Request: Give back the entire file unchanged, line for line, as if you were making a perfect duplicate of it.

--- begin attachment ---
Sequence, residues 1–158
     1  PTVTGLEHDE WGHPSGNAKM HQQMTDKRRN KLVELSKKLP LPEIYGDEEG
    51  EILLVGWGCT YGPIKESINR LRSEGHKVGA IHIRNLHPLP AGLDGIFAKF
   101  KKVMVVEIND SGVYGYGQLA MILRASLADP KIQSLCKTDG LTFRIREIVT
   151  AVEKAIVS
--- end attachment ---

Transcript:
Sequence, residues 1–158
     1  PTVTGLEHDE WGHPSGNAKM HQQMTDKRRN KLVELSKKLP LPEIYGDEEG
    51  EILLVGWGCT YGPIKESINR LRSEGHKVGA IHIRNLHPLP AGLDGIFAKF
   101  KKVMVVEIND SGVYGYGQLA MILRASLADP KIQSLCKTDG LTFRIREIVT
   151  AVEKAIVS